Who knew I had such good sense?

Actually...such a good sense of smell, which I don't. Nakeid IT, on the other hand, has the olfactory system of a hound dog. All I can say, it's a good thing hand-dyed yarn and new shoes don't come scented.

Back to the stink-ems. Sampling perfume is an affordable indulgence, but it is indulgent. For $15 you can get seven samples from this New York shop, which, if you could beg from Nordstrom's would be free. (But that would mean breaching the phalanx of bored, perfectly coiffed sales girls, who scared the tar out of me when I worked retail. And they wouldn't carry these nichy scents, besides. Fifteen dollars starts to look pretty cheap.)

The above source won't get you the classics. For those, go here. You'll pay more for seven samples, but this retailer will introduce you to the Big Whoops of the industry as well as the smaller players.

I started with a sampling from Guerlain and was underwhelmed. Remember I have the nose of an apneic truck driver, so consider that when you read the following:

Shalimar smells, well, old. Like a box of old talcum, hidden in a closet with the fox-collared coat Dad gave Mom the Christmas of '66 and your second knitting project--that hideous four-foot long stocking camp, riddled with holes before the moths got it. But you can see why people love it; it's not a simpering 18-year-old celebrity in a skirt short-enough to make her stage mum writhe. No, it's definitely lady-like, but crepey, a Revlon-lipstick of a scent that's had a life and traded her heels for Danskos.

Jicky was just icky. Originally created in 1889, Jicky was a ground-breaker, one of the first perfumes made with synthetic components. It comes out of the vial, honking herbs and citrus and Port-o-John like a guy proud of his giant, swaying belly. Jicky raised my bile, and I spent an uncomfortable evening, hoping he'd take this sweaty hands off me. We had a very bad date, Jicky and I. There won't be a second.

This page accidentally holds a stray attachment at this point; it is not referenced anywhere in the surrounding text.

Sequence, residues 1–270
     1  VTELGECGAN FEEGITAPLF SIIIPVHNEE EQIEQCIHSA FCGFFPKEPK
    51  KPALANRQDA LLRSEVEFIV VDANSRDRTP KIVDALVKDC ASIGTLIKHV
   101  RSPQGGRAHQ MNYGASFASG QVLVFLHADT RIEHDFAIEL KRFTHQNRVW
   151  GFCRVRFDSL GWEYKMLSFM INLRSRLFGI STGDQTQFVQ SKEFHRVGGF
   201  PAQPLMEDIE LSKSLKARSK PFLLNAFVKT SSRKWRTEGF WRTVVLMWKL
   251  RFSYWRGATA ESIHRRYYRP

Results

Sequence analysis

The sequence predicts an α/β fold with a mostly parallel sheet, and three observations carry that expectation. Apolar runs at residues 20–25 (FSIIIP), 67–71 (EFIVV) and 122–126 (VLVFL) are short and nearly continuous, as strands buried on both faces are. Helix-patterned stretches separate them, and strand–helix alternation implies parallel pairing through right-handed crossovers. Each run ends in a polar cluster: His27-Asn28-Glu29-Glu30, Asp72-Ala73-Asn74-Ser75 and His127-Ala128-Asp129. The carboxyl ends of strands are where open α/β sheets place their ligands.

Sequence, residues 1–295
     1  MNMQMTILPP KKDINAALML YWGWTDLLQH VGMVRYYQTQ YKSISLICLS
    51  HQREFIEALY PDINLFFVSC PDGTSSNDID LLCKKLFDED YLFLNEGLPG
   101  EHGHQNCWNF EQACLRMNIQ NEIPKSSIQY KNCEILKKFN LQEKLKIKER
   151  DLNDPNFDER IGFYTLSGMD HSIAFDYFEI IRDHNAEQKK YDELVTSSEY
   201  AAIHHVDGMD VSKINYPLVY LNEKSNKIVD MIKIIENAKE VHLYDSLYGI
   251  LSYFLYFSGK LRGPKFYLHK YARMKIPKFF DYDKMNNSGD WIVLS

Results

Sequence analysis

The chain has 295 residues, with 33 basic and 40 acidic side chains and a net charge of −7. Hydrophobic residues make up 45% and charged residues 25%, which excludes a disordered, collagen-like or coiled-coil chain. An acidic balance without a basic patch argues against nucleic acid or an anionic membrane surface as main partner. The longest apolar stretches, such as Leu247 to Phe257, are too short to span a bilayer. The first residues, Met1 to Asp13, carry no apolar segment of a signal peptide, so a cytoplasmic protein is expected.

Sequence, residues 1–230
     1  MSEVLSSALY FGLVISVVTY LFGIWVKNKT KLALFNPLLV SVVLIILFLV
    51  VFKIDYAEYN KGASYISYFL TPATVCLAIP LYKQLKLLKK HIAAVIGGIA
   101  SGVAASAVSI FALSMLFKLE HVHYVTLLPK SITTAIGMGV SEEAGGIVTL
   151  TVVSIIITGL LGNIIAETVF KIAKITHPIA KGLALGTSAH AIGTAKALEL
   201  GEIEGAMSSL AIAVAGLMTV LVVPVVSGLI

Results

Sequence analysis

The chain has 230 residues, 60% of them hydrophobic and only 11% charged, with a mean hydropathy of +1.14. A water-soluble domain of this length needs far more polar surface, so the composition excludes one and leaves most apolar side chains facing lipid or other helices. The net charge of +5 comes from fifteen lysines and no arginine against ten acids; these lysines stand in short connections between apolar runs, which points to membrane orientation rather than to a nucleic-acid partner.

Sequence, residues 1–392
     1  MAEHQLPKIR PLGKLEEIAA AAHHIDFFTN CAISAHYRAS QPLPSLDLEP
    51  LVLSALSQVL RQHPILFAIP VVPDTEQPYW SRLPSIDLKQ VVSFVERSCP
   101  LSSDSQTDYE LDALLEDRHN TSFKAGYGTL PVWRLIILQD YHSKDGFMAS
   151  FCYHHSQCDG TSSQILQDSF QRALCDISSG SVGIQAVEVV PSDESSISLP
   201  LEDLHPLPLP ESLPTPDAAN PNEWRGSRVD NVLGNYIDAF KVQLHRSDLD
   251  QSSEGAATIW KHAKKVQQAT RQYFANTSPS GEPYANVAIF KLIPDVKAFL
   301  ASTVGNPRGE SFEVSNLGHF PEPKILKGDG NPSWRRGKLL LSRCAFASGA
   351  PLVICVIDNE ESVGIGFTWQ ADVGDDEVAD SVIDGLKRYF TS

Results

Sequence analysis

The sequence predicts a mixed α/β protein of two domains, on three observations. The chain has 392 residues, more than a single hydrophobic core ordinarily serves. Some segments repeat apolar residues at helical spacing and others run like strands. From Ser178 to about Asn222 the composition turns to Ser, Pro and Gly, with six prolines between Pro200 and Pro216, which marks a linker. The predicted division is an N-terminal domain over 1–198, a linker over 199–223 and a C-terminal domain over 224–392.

But then I met Sous le Vent, which had me at "allo!"

Sous le Vent rustles in as fresh as a new silk blouse and wears just as well. This lovely is all "ooh-la-la, let's have a nice dejeuner of salad and sweets and wouldn't it be divine to have a new scarf, too, regardless of le Euro?" Designed in 1933, Sous le Vent whistles in the face of the Depression, a flirty, fun escape until you view it's not-so-breezy price.

Maybe my nose isn't so bad after all?

The scent of a knitter

I'm sitting here on an olfactory high.

If you love scent, and I'm sure you do, you must visit Dawn Spencer Hurwitz in Boulder. (But do it soon, she's great with child.)

Since viewing the YSL exhibit at the Denver Art Museum under the influence of parfum, I decided to seek out Ms. Hurwitz for advice.

Lacking the leisure and will these days to face the phalanx of spray-happy beauties in the cosmetics department, I've made do with an ancient bottle of Coco--long turned--a pretty cast-off from a friend (Gump's Baroque Pearl, lovely but not a love match) and a new sprayer of Chanel No. 5, which though still divine, smells tinny these days. (I thought it was "that special time of life";turns out they've reformulated to comply with allergen restrictions in the EU, for pity's sake!)

Then Aveda up and discontinued my other staple, Hana, a sweet woodsy scent I adored.

Enter Ms. Hurwitz.

That the universe conspired to send me to Boulder on business was synchronicity at its most compelling. How could I not?

Dawn has a small, charming studio in North Boulder called Essence and keeps regular hours, which you can find on her website. Her knowledge of perfume and perfume history is encyclopedic; when I mentioned three fragrances I loved, she said, "Oh you're an an aldehydic-spicy-oriental girl." Uh huh.

She proceeded to collect flask after pretty flask lining them up on her counter like a fight of wine. To test, she sprays her fragrances on cards, so as not to overwhelm your person. Then through process of elimination, you cull choices down to scents which she carefully dabs along the inside of your arm, testing how they meld with your body chemistry.

I bought the fragrance above, described on Dawn's website as:

"a fiery mélange of captivating spices, resins, and a hint of sultry rose. Not for the faint of heart and, oh, does it sizzle"

Yup, that's me alright. Still, these are the scents that make my eyes roll back into my head and wish for a fainting couch. This perfume is dark and full of romance, midnight rather than 6 p.m. I loved it.

She also sent me packing with samples of three other faves: Cimabue, which I'm wearing as I type (and already dropped into a digital shopping basket, imagine that); Cafe Noir and her riff on Opium, the ylang-ylang forward Euphorisme D'Opium.

Dear readers, how am I ever going to work if I can't stop smelling myself?